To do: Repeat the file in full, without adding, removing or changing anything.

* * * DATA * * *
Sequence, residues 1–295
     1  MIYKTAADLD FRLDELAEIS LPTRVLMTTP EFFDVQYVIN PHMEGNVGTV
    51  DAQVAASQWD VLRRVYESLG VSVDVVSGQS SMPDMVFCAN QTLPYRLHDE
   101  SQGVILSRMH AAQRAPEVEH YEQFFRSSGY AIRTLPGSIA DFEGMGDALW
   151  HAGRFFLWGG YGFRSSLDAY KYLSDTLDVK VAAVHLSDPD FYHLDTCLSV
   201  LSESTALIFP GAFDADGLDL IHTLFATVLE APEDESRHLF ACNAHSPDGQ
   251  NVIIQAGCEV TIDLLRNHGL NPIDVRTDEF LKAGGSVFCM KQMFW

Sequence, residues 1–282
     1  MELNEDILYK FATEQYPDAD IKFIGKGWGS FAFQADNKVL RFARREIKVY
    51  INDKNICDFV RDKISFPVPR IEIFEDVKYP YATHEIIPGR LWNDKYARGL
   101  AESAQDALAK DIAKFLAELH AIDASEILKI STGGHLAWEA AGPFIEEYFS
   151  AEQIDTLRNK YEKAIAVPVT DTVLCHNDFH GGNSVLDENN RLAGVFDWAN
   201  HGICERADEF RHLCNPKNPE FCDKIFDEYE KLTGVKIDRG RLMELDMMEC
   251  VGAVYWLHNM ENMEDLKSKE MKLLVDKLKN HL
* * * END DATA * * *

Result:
Sequence, residues 1–295
     1  MIYKTAADLD FRLDELAEIS LPTRVLMTTP EFFDVQYVIN PHMEGNVGTV
    51  DAQVAASQWD VLRRVYESLG VSVDVVSGQS SMPDMVFCAN QTLPYRLHDE
   101  SQGVILSRMH AAQRAPEVEH YEQFFRSSGY AIRTLPGSIA DFEGMGDALW
   151  HAGRFFLWGG YGFRSSLDAY KYLSDTLDVK VAAVHLSDPD FYHLDTCLSV
   201  LSESTALIFP GAFDADGLDL IHTLFATVLE APEDESRHLF ACNAHSPDGQ
   251  NVIIQAGCEV TIDLLRNHGL NPIDVRTDEF LKAGGSVFCM KQMFW

Sequence, residues 1–282
     1  MELNEDILYK FATEQYPDAD IKFIGKGWGS FAFQADNKVL RFARREIKVY
    51  INDKNICDFV RDKISFPVPR IEIFEDVKYP YATHEIIPGR LWNDKYARGL
   101  AESAQDALAK DIAKFLAELH AIDASEILKI STGGHLAWEA AGPFIEEYFS
   151  AEQIDTLRNK YEKAIAVPVT DTVLCHNDFH GGNSVLDENN RLAGVFDWAN
   201  HGICERADEF RHLCNPKNPE FCDKIFDEYE KLTGVKIDRG RLMELDMMEC
   251  VGAVYWLHNM ENMEDLKSKE MKLLVDKLKN HL